Today we are starting the presentation of the second series of our thematic mini-guides to the prefectures of Crete. This time we take a closer look at the Rethymno region, in which we will first look at places related to the history of Crete. There are few ancient discoveries here, but many traces of history were left by the Venetians and Turks, in whose hands the island was several hundred years.
The places described below have also been marked on the google map, thanks to which it will be easier to find them.
Armenia Minoan cemetery
Archea Eleftherna excavations
Ancient Eleftherna is the most important archaeological site in the Rethymno Prefecture. The first organized excavations here began in 1985. This city-state inhabited until the Middle Ages was founded by the Dorians around the 9th century BC. The strategic location allowed for the control of the intersecting trade routes connecting Kydonia, Knossos and Mount Ida. The importance of Elefthern is also evidenced by the fact that its own coins with images of Artemis and Apollo were minted here. Nowadays, the importance of these excavations is also evidenced by the fact that an archaeological museum has been established in the vicinity of this site, presenting artifacts found in this area. Unfortunately, we do not have information at the moment whether these excavations are already open to the public (probably not). However, if one is an archeology enthusiast and still would like to even glance at these remains of Eleftherna, it probably remains to look through the fence.
There are also remains of an aqueduct close to the main excavation site and two swimming-pool-sized cisterns to collect water.
Orthi Petra position
In this place was the necropolis of ancient Eleftherna, which became a real treasury of artifacts from that period. In 2010, archaeologists made one of the most important discoveries when they found an unplanned tomb from 700 BCE. It contained the bones of a young couple, possibly siblings. The pair was covered with 3,000 gold sheets of various shapes.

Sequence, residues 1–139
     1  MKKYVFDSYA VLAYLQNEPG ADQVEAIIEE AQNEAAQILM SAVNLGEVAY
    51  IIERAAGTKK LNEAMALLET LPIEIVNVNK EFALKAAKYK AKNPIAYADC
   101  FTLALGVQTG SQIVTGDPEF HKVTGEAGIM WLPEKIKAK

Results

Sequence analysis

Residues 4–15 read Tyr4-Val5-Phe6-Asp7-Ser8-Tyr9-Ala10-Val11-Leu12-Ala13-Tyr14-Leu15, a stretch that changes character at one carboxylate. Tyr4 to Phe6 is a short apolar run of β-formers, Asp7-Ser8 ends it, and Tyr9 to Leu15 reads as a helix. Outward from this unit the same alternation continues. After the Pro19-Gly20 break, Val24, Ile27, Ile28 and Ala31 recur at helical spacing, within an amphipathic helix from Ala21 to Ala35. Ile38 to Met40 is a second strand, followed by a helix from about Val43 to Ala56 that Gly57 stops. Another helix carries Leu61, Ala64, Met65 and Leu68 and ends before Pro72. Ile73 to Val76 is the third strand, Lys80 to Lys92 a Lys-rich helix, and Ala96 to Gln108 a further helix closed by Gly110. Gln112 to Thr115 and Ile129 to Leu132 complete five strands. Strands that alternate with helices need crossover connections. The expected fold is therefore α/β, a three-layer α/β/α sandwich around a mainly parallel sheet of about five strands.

Archaeological Museum of Eleftherna
What makes this museum unique are primarily finds from outside the Minoan period, discovered in the ancient Eleftherna, which is one of the most important cities of ancient Crete. This means that visitors to this place can look and learn about the remains from the dawn of the Greek civilization described by Homer. According to the employees of the museum and the Greek Ministry of Culture, it is unique on a global scale. Unfortunately, photos are still not allowed inside the museum.
Military Museum in Chromanostiri
Fortezza in Rethymno
It is one of the most characteristic buildings not only for the city of Rethymno, but also for the whole of Crete. Its construction was completed in 1590, and the construction was made of walls 1.7 meters thick. On its territory there was, among others, the cathedral of St. Nicholas, which was converted into the Ibrahim Han mosque after the Turks took power. In addition, there was a bishop's palace, provisions for provisions, a powder magazine, an arsenal, a barracks for the garrison and a hospital.